My perception is that this lack of what is something of a standard among traditional yellow pages directories is due to Google’s desire to provide best user-experience. In a map search display, does it make sense to display items which can’t be pinpointed to the map?

My opinion is that it does make sense to do so, (more…)

So-called Expert Claims Internet Yellow Pages “Overrated”

In the title of a transparently self-serving press release, Barry Maher claims that “online yellow pages advertising (is) often overrated”. Maher says in the release, “It may be the wave of the future, but the dull, old-fashioned, low-tech print directories are still the wave of the present. Businesses do need to be online. Just not at the expense of what’s driving in the dollars today.”

He goes on to say that “For most local companies, there’s still far, far more potential business in the print directories than in anything they might do online.”

(Before I go further, I should disclose that I work for arguably the biggest combined print and online yellow pages company in the US. My comments on this matter are merely my own opinion, though, and not any sort of official stance from my company.)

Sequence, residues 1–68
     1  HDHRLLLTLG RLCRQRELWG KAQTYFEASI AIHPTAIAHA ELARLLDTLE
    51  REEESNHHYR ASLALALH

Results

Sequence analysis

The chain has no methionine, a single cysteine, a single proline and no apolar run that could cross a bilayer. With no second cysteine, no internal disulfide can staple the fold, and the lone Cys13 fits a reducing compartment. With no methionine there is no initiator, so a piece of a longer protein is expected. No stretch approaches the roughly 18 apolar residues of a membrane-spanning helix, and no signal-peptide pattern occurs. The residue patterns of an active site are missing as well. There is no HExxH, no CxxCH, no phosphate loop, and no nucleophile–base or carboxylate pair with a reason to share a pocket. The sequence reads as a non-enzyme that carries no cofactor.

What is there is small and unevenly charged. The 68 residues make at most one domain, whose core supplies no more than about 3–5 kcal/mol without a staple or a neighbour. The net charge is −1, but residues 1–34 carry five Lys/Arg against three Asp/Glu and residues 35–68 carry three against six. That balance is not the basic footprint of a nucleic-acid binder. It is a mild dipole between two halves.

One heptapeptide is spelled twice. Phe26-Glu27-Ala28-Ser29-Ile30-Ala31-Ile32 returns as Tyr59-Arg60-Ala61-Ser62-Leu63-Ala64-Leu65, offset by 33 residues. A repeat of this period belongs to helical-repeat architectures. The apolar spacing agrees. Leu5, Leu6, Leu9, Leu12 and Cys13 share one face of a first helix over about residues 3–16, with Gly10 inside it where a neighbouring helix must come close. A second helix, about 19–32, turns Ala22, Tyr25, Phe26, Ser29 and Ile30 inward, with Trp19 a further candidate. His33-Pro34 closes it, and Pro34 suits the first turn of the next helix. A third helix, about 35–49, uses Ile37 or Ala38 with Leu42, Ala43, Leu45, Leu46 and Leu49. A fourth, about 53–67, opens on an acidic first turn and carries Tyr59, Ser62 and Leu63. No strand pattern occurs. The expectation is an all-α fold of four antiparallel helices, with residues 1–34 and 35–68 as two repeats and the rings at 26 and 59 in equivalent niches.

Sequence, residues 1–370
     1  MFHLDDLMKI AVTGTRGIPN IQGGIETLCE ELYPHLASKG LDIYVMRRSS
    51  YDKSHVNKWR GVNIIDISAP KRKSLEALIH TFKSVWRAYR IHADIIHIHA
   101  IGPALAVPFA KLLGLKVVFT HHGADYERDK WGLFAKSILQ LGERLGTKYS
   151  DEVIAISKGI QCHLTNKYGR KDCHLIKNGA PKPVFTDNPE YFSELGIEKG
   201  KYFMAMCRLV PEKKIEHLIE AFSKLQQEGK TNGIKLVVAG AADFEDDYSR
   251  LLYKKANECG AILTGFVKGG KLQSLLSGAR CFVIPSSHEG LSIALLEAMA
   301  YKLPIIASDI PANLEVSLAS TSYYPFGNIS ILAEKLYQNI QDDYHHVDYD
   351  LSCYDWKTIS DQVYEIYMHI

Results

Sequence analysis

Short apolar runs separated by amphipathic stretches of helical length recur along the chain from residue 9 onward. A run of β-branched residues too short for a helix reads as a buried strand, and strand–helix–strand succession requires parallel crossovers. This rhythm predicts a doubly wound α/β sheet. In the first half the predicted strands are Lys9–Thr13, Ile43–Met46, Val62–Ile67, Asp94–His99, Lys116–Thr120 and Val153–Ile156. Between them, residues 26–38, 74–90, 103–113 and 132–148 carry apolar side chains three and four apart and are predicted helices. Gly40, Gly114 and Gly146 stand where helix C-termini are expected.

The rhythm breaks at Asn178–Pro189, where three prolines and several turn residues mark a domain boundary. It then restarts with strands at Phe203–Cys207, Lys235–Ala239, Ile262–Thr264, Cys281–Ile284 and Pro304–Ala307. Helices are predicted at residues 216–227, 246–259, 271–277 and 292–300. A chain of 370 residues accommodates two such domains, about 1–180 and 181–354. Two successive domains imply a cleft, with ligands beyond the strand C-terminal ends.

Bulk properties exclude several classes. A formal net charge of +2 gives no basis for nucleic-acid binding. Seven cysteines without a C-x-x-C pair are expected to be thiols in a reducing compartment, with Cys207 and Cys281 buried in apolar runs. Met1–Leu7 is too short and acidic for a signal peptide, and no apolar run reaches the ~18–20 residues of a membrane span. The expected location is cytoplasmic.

It seems to me that the headline title of the PR was intended to be controversy-provoking in order to attract more attention than an announcement about the publication of a book on how to advertise in yellow pages would otherwise be (yawn!). The intention was to promote Maher’s book on optimizing print YP ads, So, I really hesitated about rewarding this sort of thing with yet more attention than it merits. Yet, I believe that this claim is pretty irresponsible, so I’m going to address it. I don’t think that Maher can possibly understand IYP nor general internet advertising or he could not have said that “there’s… more potential business in the print directories… than… online” (paraphrased).

Read on and I’ll explain why I think this was not reasonable.

(more…)